A British university on Tuesday announced plans for what it called the largest international survey of whales, dolphins and porpoises on the European Atlantic continental shelf.
LONDON A British university on Tuesday announced plans for what it called the largest international survey of whales, dolphins and porpoises on the European Atlantic continental shelf.
Seven ships and three aircraft will be used in the survey by the Sea Mammal Research Unit at the University of St. Andrews in Scotland.
They will conduct an intensive survey of the European Atlantic continental shelf to map the distribution and estimate the abundance of cetaceans.
The survey, involving researchers from throughout western Europe, is part of the SCANS-II project, an acronym for Small Cetaceans of the European Atlantic and North Sea, supported by the European Commission LIFE Nature program and 12 European governments.
Officials say the research is necessary to assess the sustainability of cetacean stocks. Large numbers are killed accidentally in fishing gear every year, also known as bycatch.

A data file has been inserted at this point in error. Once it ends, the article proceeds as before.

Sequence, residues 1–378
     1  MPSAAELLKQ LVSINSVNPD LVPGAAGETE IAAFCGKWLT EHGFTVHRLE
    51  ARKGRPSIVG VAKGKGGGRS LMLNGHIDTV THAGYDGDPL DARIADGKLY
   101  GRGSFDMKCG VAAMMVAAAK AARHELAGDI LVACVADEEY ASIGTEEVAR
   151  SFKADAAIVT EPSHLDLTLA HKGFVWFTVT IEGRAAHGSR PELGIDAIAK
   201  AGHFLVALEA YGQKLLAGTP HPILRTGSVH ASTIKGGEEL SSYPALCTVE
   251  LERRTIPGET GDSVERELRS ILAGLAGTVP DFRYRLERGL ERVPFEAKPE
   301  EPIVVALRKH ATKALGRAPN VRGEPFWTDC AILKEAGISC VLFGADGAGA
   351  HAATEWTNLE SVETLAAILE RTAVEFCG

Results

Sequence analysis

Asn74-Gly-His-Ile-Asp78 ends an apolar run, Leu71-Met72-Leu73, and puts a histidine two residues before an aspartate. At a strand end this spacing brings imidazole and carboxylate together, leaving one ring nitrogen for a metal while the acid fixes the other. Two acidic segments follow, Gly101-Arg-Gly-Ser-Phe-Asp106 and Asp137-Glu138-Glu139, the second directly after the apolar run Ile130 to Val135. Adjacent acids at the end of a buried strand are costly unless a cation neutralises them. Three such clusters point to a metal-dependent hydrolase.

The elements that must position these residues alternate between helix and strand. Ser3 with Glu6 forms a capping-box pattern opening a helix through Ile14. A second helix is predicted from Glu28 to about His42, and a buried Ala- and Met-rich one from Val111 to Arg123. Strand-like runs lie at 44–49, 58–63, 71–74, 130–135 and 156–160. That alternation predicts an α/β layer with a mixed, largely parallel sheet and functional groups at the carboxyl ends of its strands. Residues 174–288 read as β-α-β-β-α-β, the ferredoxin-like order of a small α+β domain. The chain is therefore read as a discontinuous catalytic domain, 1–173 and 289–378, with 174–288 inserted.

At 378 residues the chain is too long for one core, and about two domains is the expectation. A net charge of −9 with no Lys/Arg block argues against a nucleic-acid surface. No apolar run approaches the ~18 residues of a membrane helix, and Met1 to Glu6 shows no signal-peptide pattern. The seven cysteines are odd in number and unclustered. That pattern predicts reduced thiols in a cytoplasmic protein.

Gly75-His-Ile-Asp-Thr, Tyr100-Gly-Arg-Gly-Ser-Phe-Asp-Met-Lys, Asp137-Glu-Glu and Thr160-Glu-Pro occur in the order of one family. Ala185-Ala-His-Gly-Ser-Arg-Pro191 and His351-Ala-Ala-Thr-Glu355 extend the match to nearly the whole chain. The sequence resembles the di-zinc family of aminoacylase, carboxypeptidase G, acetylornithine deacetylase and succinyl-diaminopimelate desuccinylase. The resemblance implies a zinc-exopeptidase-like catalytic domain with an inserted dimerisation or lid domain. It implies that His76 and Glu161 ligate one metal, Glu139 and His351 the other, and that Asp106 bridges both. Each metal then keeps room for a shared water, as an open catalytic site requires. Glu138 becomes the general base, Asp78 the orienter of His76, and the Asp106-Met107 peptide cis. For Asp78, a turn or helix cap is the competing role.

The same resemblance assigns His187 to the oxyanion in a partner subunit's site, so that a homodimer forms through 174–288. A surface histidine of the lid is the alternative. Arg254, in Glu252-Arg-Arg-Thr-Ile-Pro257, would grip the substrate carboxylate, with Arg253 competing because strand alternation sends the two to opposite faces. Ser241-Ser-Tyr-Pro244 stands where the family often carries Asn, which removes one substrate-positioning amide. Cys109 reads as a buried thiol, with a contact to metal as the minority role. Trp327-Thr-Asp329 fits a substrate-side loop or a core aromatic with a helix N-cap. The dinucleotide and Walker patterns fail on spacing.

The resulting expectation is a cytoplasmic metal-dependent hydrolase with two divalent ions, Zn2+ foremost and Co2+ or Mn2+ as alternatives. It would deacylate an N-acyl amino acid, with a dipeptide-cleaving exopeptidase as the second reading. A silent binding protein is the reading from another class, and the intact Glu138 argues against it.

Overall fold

"This is an extremely important survey to assess the sizes of populations in European waters," said Kelly Macleod, one of the survey members.
"Never has there been such a large scale survey in these waters -- it's a huge undertaking. The information is crucial in assessing the impact of bycatch on porpoises and dolphins."
SCANS-II also hopes to develop cost effective monitoring methods for cetaceans, assess the numbers lost to bycatch and limit the bycatch.
Researchers will use radar and acoustic equipment to determine the numbers of the different species of cetaceans in European Atlantic waters.
This will be compared with numbers obtained from a similar survey called SCANS, which was conducted in 1994.
The results are expected by the middle of 2006.
Source: Associated Press